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The concept of evil has been much bandied about of late, so it is refreshing to see an attempt to bring a discussion of its machinations to the public forum. Hart begins by groping for a workable definition of evil and uses his starting point--specifically, that evil is an "intentional human act that causes extreme harm to innocents and attacks our basic moral order"--to set up a philosophical, historical, and literary tour of Bad Things. Condensing 4,000-odd years of human grappling into a book that is brief and, yes, lighthearted enough to be airport fare is difficult, and Hart deserves praise for presenting a broad range of complex ideas so concisely and accessibly. He also gets credit for having the guts to remind us that we like doing evil things, or at least naughty things. Concision has its flip side, however, and this book's often-flippant eclecticism borders on superficiality; the short shrift that Hart grants unintentional, systemic, banal evil is particularly troubling. As a primer, Hart's book has its qualities. Brendan Driscoll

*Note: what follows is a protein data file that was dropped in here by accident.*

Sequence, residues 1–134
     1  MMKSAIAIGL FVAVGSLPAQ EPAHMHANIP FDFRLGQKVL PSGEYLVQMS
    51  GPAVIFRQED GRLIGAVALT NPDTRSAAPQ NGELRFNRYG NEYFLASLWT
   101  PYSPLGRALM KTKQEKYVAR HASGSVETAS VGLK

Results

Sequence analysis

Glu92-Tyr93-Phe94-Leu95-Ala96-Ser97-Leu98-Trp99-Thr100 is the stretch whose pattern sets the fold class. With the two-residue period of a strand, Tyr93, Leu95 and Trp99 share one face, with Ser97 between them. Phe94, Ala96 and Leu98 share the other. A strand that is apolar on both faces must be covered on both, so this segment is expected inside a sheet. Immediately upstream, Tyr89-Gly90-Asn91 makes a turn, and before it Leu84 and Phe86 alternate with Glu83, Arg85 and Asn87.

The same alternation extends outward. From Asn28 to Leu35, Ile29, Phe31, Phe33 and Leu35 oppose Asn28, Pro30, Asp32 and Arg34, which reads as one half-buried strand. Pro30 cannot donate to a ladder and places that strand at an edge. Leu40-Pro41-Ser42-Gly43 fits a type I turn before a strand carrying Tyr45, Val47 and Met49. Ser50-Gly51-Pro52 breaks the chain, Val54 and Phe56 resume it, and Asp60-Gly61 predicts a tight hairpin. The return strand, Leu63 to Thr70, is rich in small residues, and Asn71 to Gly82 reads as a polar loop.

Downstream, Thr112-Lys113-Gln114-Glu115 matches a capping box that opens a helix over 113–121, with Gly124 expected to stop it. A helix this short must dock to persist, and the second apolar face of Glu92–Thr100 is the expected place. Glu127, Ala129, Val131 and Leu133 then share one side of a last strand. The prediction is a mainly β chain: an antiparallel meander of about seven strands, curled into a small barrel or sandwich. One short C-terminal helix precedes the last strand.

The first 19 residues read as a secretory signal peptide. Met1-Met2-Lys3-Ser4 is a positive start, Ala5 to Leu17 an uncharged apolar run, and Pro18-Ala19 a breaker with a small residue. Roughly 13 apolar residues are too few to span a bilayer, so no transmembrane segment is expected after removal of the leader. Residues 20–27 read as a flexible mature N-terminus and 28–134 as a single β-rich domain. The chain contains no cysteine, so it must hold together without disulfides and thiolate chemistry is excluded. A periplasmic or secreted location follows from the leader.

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One of the best books I've ever read. Loaned it to a friend and never got it back. I'm buying another one.Published 3 months ago by Jolene Elbert
EAP is not a particularly profound or serious book. It's more like a historical lark where we dance over the long history of the concept of evil. Read morePublished on February 23, 2012 by N. Perz
Finding this treasure is better late than never. William Hart's first book is clearly a labor of love. At it's heart is the unanswerable question of why we can't always ask why. Read morePublished on December 2, 2010 by Jim Gauthier
William Hart has made an attempt to define what Evil is and what is its source.
He gives an overview of how man,both secularly and religiously ,has attempted to deal with... Read more
Over the millennia, great minds have grappled with the problem of evil in a world ruled by a supposedly benevolent God. Read morePublished on January 12, 2005 by Jean E. Pouliot